A developing low pressure over the Midwest will wreak havoc across much of the East midweek, leading to heavy rain in the flood-stricken areas that received up to a foot of rainfall last week, as well as heavy snow to portions of the Upper Midwest and Great Lakes region. Then by the end of the week, it will be the Northeast’s turn, where snow and rain will affect the region as well as rough surf and ocean flooding along the coast. We discuss the Northeast uncertainty here.

Impacts from this storm will begin Tuesday as our low pressure develops and rain and snow forms. This storm system will be noticed in the South with scattered showers and thunderstorms across portions of Texas, Oklahoma, and the ArkLaTex. As the day progresses, the rain activity will become more widespread, likely developing into a large batch of a light to moderate rain around the ArkLaTex region. There is also the chance for isolated severe storms in this region, which may contain damaging winds. There is even the risk for a tornado.




Then overnight Tuesday, the rain and thunderstorms will continue to become more widespread as they slowly move to the east. Rain is forecast to affect the western Ohio and Tennessee River Valleys, the Mid-Mississippi Valley, and the Red River Valley in the Southern Plains. The heaviest of rain will be found in the northern Gulf States of Mississippi and Alabama as well as parts of the Tennessee Valley.

Now as we get into our Wednesday, the storm system will continue to strengthen as it moves toward the Great Lakes. Due to this strengthening, the risk for severe weather will increase. The same threats of damaging winds and a tornado or two will remain for ArkLaTex into the Mid-Mississippi Valley. These showers and thunderstorms will build into the Southern Plains, specifically eastern Oklahoma and Texas while moving in or continuing across parts of the Central Plains, Mid-Missisppi, Ohio, and Tennessee River Valleys. By the end of the day, the showers will make it as far east as the western Carolinas and western Virginia. Back toward the Midwest, we’ll begin to see the wintry weather break out in the evening hours, especially in central Iowa at first.




As Wednesday night progresses, the snow will expand and intensify into portions of Minnesota. Meanwhile, back to the south, with the warmer air mass, showers and thunderstorms will continue to impact the same areas of the ArkLaTex through the interior Gulf Coast states, and the Tennessee and Ohio River Valleys. Rain will also expand back in the Chicagoland area as well as into much of the Mid-Atlantic. The heaviest axis of rain will be centered over the Ohio and Tennessee River Valleys, the same areas that received heavy rain last week and are currently dealing with floods. This will only make the conditions worse and many rivers will go into moderate to perhaps major flood stage.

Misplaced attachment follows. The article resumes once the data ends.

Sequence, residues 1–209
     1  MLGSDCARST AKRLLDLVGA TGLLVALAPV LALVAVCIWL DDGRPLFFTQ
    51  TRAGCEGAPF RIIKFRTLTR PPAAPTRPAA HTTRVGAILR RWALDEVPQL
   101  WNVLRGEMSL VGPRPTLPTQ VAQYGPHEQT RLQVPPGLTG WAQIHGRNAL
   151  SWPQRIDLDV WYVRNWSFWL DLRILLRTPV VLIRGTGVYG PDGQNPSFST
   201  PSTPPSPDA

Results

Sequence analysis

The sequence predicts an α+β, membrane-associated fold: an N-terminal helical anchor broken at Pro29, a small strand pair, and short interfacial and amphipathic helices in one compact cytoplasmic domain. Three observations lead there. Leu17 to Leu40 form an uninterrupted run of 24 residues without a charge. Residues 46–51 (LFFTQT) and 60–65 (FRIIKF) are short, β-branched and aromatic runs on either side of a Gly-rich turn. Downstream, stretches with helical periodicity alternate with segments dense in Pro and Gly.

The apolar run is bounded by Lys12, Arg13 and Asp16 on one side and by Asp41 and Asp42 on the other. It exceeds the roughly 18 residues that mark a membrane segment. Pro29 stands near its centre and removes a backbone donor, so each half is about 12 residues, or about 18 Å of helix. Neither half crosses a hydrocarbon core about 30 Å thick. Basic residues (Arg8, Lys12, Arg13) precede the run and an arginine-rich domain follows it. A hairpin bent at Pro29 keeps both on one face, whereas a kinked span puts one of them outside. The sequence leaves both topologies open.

Then on Thursday, the snow will continue in the Upper Midwest. Specifically, snow, which may be heavy in some areas, is forecast to fall on Thursday from southern Wisconsin through southern Lower Michigan and northern Ohio and Indiana. A major city like Chicago may see the rain changeover to snow by the late-afternoon, so that is something to keep an out on.  Back to the south in the warm sector of our storm, the rain will clear out of areas west of the Mississippi River while continuing in the form of scattered showers and thunderstorms in much of the Southeast, Mid-Atlantic, and Ohio Valley. Rain will also move into much of the Northeast as the day progresses. We also want to note how winds will begin to become an issue for much of the East due to our strengthening storm, so widespread wind gusts of 30-40 mph is likely, leading to the chance for isolated to scattered power outages. That threat will continue into the overnight hours before winds relax from west to east during the day Friday.




By Thursday night, our coastal storm will really begin to take the headlines as it strengthens rapidly off the Northeast coast. Again, we’ll have more details on this storm on Tuesday. Meanwhile, back toward the south and west, showers and thunderstorms will begin to dwindle across much of the Southeast and Ohio Valley. Snow, however, will continue in southern Lower Michigan while expanding into portions of the interior Northeast and northern Indiana and Ohio.

By Friday, all of the weather from the large-scale storm will clear out of much of the East with the exception of the Northeast and parts of the Mid-Atlantic.



Author

Jackson is Head of Content at WeatherOptics and produces several forecasts and manages all social media platforms. Previously, Jackson forecasted local weather for southwestern Connecticut, founding his website, Jackson's Weather, in the March of 2015. He is currently studying Meteorology and Broadcast Journalism at the University of Miami.

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